Well he was safe, just. M has obviously read my note of two days ago when I suggested that he may have lost his flair for keeping everyone sitting on the edge of their seats. Today he managed a real spectacular! Some of their flight was at an altitude of 10,000 feet (they're becoming reckless and making a habit of this) and I gather that, while M and G-KIRK were climbing steeply at approx. 7,000ft, the tank fuel level became lower than the carburettor and the engine stopped - not the first time for M (he is the best pilot in the world with whom to have a donkey stop - sheer experience).

    He tells me that he jammed G-KIRK's nose downwards and managed to start her again by 4,000ft. In the meantime he had made a "pan; pan; pan" call on his radio (unusual and fortunate for him to be in radio contact) and two race aircraft diverted to drop a dinghy on his head which was, thankfully, not necessary this time.

    Thank you from me to both crews.

    An aviator friend described "pan" to me as signifying only less of an emergency than "mayday" and we wondered why M had not taken full advantage of the most dramatic call.

    The flight took 5.5 hours and M and G-KIRK arrived at Karachi with 2.5 hours of fuel left - enough for all sorts of contingencies. M and G-KIRK seem to be hitting form - it's time to book my ticket for Oz.

    KK (M's wife)

  • No oil leak today‚Ķ

    Today an enigmatic message to my office at 18.00 hrs relayed by our secretary "Tell my beloved that I'm going to bed and that I'm now known as 'BCL' (Below Camel Level)."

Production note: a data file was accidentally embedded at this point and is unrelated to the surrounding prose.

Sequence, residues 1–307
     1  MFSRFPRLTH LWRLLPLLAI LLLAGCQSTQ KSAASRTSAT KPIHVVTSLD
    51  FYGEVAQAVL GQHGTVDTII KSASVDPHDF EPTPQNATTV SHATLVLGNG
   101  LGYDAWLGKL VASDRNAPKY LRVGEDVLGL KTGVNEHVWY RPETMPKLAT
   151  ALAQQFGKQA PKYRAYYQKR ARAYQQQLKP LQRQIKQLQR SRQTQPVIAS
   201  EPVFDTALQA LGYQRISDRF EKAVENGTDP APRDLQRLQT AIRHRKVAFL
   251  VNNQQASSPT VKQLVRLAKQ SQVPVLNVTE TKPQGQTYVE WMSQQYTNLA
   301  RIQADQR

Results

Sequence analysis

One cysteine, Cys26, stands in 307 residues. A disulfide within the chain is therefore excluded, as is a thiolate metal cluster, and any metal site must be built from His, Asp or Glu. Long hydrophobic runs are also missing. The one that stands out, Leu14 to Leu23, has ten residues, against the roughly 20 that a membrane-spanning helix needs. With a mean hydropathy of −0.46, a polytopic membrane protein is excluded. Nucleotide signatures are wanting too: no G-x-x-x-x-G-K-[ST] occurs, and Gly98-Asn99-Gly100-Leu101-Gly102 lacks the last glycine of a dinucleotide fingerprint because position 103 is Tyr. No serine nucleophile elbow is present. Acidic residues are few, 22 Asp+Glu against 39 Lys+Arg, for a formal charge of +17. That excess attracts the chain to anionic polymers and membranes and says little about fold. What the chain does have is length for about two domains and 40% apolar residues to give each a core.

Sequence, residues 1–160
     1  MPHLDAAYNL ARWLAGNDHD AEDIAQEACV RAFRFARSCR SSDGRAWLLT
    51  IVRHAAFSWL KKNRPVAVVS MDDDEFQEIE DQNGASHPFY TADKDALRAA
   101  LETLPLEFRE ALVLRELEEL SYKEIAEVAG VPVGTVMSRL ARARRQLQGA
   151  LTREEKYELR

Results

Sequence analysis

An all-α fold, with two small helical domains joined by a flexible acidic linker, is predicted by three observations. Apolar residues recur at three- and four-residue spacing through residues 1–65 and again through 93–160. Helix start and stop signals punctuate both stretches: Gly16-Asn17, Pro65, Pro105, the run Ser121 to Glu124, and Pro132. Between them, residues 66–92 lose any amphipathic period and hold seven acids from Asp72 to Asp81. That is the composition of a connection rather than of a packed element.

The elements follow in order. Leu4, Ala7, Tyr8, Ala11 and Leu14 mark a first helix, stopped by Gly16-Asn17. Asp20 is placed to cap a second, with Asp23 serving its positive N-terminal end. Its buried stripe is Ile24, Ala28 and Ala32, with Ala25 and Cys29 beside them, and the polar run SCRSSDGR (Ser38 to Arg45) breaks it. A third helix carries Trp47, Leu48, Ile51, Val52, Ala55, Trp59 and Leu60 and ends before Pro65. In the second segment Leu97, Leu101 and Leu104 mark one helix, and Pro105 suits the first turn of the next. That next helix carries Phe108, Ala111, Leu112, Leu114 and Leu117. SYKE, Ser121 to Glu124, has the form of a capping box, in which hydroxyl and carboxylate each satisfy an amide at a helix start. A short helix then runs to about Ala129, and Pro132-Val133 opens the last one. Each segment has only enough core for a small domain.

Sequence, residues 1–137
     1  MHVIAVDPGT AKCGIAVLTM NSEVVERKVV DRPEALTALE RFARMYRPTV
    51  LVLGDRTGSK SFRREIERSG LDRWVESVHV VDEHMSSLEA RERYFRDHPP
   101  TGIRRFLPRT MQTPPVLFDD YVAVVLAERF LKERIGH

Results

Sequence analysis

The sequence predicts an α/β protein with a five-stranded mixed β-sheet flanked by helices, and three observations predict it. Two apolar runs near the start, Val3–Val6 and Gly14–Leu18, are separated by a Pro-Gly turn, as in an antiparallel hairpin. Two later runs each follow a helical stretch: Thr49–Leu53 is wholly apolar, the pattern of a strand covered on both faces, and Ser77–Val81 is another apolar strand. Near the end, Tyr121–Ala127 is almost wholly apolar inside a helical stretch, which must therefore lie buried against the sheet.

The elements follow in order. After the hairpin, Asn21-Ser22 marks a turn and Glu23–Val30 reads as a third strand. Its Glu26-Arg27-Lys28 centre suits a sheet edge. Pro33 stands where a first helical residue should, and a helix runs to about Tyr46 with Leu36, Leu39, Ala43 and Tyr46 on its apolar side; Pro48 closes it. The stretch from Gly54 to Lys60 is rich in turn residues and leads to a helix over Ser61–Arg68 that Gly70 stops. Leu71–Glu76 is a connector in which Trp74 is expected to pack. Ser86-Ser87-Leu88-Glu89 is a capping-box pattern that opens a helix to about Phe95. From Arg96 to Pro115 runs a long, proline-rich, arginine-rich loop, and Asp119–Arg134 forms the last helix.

Well BCL rang later and caught me driving home from work. Another easy day today. Flying over the mountains of Oman was breathtaking - spectacular rather than scary I think. There was time for a little sightseeing by coach - I dare you to imagine BCL as a tourist. My only previous experience of BCL on a coach (in Egypt) was not a happy one.

    It's quite a long leg tomorrow with 500m over the Indian Ocean. Maurice tells me that he will be flying delta - charlie - tango which means no radio contact for 500 miles. As I said yesterday, he would not like to think that I'm not worrying about him.

    No mention of the oil leak today.This means one of three things (i) it's better (unlikely) (ii) he doesn't want to worry me (possible) (iii) he would rather not think about it (quite possible).

    This is the first bit that I am worried about - a lot of water to cross which with G-KIRK's limited endurance which does not give many options. Will report more tomorrow evening when I hear from M (I hope).

    KK (m's wife)

  • Below Camel Level!

    Filed under:

    Maurice telephoned at 20.00hrs our time tonight to assure me that he has not been eaten by sharks in his trip across the sea to Dubai. He flew amongst oilrigs before climbing to 5000ft where he and G-KIRK found a 10 knot tail wind, at 80mph they did not know themselves. This time it was, reports M, wonderfully warm. Perhaps he has fixed the window and the pipes. He is monitoring the oil leak (by the amount of oil on the windscreen! - he's afraid that I will be bored if I have nothing to worry about) and may have to repair (or arrange to have engine stripped later?)

    Today he landed last - again - but his efforts have been appreciated by the race organisers; he features on the "Whats new" page of their website:

    So today has been leisurely; a rest, a look around, a barbecue as the guests of the Dubai Flying Club.

    Is M losing his gift of keeping us all on the edges of our seats?

    "B.C.L" is a new acronym which has been developed to describe M's mode of aviation (BELOW CAMEL LEVEL).

    On a serious note, I gather that there is some nervousness regarding the politics of and arrangements for the race flight across India. The race will not, as hoped, fly over/near (or, probably in M's case, below/through) the Taj Mahal. I hope that M will be able to reasonably keep up and will avoid difficulties should he fall behind.

    That's all for now - tomorrow is one short leg of 190 miles before cocktails beside the pool - and he tells me that it's hard work!

    KK (M's wife)